3a) If machines have “paper trails” you could count what’s on the paper and compare it to what the machines reported. We don’t do that. One reason we don’t is because that “costs too much.” (Even when someone raises the money for a “recount” it doesn’t usually involve actually counting the paper records.) Instead, we believe what we are told the results were.
3b) There are still lots of machines out there without paper trails. In Georgia, for example. They are old and very easy to hack. There are real indications they get hacked. There is no way to know. So with these machines there is no way to know for sure what the voters actually wanted. There is no way to know if they were hacked, no way to know if they made mistakes. Just no way to know. Instead, we believe what we are told the results were.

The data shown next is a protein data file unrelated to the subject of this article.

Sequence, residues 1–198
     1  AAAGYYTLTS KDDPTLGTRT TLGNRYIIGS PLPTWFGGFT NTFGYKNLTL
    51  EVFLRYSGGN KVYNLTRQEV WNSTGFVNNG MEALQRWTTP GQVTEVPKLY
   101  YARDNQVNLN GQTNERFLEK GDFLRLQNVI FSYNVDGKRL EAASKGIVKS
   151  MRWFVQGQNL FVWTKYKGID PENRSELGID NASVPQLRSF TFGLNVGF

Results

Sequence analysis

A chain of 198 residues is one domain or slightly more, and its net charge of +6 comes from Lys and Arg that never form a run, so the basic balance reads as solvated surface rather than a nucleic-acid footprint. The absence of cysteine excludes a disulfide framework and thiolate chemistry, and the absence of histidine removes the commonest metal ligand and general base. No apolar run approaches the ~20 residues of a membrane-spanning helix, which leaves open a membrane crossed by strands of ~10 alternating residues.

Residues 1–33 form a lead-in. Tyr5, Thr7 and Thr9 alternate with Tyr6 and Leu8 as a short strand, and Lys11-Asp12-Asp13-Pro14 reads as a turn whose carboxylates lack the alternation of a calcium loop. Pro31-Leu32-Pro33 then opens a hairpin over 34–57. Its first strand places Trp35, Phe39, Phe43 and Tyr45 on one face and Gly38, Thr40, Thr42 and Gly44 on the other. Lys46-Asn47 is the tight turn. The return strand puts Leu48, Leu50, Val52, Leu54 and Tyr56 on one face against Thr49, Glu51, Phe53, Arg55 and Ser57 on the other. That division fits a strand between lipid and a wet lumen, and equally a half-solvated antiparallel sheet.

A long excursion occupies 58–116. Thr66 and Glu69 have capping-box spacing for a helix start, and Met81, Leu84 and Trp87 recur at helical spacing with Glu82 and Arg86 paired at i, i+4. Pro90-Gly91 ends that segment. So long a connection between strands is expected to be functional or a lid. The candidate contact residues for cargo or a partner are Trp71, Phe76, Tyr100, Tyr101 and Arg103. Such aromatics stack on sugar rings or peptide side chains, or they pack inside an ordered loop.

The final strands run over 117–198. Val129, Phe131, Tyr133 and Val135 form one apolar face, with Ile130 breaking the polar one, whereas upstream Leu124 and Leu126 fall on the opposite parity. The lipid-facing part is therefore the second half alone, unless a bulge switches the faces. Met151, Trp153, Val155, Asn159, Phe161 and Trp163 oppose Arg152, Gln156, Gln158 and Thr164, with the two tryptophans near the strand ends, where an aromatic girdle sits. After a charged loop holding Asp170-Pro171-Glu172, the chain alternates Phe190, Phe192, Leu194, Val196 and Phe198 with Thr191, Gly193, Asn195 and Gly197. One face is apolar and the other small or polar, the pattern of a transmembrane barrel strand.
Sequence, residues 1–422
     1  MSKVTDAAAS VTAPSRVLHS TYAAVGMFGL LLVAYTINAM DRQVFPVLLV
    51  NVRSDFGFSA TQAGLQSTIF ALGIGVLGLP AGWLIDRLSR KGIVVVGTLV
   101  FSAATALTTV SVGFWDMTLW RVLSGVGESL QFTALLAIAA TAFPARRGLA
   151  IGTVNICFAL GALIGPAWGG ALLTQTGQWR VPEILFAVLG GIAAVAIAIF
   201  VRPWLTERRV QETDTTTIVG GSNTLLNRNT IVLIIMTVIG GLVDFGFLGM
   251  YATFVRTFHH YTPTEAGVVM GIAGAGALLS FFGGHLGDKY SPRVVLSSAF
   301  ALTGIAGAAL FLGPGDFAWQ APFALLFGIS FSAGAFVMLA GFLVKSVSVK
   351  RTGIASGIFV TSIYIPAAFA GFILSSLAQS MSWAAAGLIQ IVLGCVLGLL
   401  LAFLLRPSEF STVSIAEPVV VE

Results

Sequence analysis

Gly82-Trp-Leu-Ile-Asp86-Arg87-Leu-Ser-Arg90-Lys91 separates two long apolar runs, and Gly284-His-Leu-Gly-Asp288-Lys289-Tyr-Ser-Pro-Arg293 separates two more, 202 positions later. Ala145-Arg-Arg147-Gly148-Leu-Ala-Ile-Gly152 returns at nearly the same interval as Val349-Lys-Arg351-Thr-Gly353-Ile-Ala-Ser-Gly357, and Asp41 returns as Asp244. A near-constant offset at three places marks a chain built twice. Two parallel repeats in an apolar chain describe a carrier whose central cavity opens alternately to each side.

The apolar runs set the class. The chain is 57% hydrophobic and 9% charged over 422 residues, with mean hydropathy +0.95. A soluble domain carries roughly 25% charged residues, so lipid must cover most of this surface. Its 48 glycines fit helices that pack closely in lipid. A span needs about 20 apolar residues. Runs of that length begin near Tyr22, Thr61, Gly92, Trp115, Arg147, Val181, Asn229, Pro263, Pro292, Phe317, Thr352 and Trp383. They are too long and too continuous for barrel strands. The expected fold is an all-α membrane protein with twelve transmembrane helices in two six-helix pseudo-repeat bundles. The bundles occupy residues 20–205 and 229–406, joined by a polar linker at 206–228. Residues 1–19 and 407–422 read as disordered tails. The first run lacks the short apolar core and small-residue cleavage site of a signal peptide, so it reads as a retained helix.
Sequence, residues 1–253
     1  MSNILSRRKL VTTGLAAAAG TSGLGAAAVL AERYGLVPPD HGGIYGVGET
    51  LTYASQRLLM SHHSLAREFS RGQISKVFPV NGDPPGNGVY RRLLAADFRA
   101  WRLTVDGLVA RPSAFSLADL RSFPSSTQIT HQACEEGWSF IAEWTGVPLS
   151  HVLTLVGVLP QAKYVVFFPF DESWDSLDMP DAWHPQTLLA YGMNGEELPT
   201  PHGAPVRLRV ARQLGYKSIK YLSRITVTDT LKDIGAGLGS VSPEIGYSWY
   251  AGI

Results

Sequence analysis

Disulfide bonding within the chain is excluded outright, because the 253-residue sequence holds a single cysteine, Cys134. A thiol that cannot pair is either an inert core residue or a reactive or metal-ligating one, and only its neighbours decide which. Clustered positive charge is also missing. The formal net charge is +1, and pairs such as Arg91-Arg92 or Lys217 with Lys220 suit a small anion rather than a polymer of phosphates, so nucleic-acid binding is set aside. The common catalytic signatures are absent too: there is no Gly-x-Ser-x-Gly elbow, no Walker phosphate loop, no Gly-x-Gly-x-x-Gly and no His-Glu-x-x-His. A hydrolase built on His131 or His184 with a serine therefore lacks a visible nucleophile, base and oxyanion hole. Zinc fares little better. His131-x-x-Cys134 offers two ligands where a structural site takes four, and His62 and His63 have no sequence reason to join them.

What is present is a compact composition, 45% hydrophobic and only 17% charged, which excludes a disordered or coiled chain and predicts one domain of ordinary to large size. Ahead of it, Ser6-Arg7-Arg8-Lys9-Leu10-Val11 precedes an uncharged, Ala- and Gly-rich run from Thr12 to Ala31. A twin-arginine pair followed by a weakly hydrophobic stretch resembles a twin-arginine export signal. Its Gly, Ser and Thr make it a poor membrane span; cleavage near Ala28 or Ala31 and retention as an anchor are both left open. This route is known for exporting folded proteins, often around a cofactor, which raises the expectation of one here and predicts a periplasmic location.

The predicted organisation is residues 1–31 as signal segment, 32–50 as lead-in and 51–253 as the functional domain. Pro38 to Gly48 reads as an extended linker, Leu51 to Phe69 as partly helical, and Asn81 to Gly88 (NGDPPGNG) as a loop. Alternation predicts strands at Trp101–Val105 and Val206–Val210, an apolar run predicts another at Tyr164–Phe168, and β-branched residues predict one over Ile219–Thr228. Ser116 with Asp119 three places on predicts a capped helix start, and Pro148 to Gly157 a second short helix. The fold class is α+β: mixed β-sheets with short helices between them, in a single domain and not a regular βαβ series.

4) The only way to have an honest election is to use paper ballots. These can be tabulated by machines. Then you hand count a large random sample and check that against what the tabulators report. If that count is off by even a single vote, something is fishy and you have to count all the paper ballots. With paper ballots and careful checking you do know who actually won.
5) If you want to know who actually won an election instead of what the “powers that be” tell you, you have to do things that we largely do not do now in too many places. Instead, we believe what we are told the results were.